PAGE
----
October 11, 2009 02:28 pm at 2:28 pm |
  6. Chris

    Look, $250k is basically 5 years of income for the average US family. It's a lot of money. Is it enough that if you die and your family wins the money, they'll be able to retire and do nothing for 30 years?

    Most life insurance policies are for around $100k, and people buy them like hotcakes, because $100k is a lot of money. $250k is perfectly reasonable.

    October 11, 2009 02:30 pm at 2:30 pm |
  7. Johnny Neptune

    What incentive is there for me to be a doctor if almost 50% to 75% (depending on which state I practice medicine in) is going towards mal-practice insurance?

    It's simple, address Tort Reform now or there won't be any doctors left to sue.

    October 11, 2009 02:31 pm at 2:31 pm |
  8. Pablo

    Caps on recovery of damages for pain and suffering only serves to protect insurance companies which, without regard to the existence of caps, will always make their money off their insureds. As is the case with poor drivers, insurance companies need to rate doctors and charge those with a history of negligence larger premiums instead of spreading the costs among the entirety of the profession. Incompetent doctors should be unable to obtain insurance, which should be mandated by our states for all doctors so that those without insurcance cannot practice.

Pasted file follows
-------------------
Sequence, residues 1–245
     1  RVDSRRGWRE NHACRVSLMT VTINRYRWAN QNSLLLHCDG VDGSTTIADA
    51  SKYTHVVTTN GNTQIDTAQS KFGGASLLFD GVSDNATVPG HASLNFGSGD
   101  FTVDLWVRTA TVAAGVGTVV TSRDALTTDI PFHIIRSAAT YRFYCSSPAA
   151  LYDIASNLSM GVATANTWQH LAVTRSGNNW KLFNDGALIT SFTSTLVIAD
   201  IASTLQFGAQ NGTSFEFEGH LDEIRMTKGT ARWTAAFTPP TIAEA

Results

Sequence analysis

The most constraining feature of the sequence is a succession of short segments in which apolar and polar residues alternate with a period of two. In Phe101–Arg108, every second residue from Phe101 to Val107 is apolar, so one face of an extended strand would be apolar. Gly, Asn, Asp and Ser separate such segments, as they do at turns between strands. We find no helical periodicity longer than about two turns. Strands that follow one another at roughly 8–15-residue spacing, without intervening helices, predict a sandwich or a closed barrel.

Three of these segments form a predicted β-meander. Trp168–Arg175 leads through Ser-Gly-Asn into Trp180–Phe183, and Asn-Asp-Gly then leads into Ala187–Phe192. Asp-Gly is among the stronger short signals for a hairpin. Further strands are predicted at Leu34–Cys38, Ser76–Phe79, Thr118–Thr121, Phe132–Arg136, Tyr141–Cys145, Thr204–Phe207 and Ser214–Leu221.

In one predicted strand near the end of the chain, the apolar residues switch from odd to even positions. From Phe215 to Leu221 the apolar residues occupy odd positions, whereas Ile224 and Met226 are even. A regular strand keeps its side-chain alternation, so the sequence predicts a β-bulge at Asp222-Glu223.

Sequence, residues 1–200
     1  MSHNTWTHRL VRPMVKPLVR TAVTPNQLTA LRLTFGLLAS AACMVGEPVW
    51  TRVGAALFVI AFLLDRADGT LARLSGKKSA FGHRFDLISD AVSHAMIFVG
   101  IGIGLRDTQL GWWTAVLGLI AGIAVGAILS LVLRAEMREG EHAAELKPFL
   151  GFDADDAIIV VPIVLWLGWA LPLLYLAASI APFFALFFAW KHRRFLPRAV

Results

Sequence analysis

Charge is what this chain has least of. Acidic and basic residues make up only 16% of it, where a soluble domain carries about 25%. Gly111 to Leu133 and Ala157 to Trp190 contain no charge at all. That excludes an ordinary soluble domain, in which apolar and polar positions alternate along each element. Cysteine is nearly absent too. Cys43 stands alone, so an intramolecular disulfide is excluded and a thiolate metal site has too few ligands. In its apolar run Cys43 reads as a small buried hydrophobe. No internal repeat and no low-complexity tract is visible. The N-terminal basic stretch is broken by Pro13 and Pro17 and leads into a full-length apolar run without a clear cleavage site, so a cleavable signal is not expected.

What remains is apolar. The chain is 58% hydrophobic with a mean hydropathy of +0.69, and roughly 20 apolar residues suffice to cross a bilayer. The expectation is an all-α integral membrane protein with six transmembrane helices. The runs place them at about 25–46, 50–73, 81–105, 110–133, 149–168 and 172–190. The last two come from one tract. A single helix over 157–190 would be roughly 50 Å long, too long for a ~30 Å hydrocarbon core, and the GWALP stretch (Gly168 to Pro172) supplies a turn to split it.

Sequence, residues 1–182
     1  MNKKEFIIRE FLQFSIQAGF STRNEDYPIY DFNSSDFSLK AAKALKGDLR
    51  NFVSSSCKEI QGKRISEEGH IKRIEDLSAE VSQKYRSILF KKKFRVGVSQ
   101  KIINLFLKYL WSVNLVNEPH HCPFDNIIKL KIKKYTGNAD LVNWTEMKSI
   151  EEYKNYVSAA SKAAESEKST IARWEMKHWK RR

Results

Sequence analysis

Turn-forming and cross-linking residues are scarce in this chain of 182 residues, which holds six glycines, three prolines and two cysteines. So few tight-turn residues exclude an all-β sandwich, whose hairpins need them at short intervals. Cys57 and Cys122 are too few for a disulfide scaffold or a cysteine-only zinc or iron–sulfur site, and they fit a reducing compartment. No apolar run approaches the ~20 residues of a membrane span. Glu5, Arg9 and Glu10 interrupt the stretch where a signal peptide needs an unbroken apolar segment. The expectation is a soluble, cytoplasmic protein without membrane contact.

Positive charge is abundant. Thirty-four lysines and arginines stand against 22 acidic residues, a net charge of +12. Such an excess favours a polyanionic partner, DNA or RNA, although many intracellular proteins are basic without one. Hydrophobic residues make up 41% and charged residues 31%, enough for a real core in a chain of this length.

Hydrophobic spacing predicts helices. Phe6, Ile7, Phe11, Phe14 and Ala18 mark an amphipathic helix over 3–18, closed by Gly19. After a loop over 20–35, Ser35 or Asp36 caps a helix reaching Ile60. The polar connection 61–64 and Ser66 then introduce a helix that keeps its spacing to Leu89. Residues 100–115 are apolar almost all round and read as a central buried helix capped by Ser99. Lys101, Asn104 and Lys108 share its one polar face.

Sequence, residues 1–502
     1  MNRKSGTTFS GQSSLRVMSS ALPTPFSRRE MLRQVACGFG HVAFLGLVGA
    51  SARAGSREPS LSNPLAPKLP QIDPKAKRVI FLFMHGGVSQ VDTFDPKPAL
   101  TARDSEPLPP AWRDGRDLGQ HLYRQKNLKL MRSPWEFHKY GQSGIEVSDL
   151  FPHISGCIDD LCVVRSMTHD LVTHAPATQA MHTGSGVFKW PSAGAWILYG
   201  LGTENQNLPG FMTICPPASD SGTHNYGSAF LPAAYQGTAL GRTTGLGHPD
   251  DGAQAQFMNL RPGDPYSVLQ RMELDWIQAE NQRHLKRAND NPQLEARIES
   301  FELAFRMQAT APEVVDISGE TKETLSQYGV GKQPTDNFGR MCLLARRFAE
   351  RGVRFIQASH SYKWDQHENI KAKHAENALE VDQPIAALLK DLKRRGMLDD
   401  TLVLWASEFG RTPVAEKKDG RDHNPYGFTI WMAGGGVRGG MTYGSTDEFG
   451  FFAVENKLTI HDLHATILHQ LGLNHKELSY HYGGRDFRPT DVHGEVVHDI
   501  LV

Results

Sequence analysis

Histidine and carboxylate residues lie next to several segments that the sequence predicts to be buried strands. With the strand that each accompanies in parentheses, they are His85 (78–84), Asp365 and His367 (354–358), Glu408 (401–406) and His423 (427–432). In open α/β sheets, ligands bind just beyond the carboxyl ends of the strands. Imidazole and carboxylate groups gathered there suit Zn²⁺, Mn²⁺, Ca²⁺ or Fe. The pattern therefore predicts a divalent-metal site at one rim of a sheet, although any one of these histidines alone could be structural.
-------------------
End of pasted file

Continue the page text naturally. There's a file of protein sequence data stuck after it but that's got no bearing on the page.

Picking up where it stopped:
Moreover, a vast part of the problem in the medical profession is that, unlike the legal profession, it does not police itself to eliminate from its midst the doctors who perpetually cause damage rather than fulfill their obligation to heal.